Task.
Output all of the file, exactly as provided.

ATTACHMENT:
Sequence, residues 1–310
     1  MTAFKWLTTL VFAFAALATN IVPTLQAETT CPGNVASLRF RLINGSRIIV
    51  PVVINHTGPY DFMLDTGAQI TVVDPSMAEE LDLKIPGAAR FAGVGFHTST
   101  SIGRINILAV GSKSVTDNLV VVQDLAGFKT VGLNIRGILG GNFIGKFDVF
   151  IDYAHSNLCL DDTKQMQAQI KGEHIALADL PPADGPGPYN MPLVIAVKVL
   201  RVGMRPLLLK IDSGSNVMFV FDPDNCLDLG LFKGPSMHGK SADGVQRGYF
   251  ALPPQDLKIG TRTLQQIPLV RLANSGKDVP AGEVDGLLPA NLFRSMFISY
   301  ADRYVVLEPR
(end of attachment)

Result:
Sequence, residues 1–310
     1  MTAFKWLTTL VFAFAALATN IVPTLQAETT CPGNVASLRF RLINGSRIIV
    51  PVVINHTGPY DFMLDTGAQI TVVDPSMAEE LDLKIPGAAR FAGVGFHTST
   101  SIGRINILAV GSKSVTDNLV VVQDLAGFKT VGLNIRGILG GNFIGKFDVF
   151  IDYAHSNLCL DDTKQMQAQI KGEHIALADL PPADGPGPYN MPLVIAVKVL
   201  RVGMRPLLLK IDSGSNVMFV FDPDNCLDLG LFKGPSMHGK SADGVQRGYF
   251  ALPPQDLKIG TRTLQQIPLV RLANSGKDVP AGEVDGLLPA NLFRSMFISY
   301  ADRYVVLEPR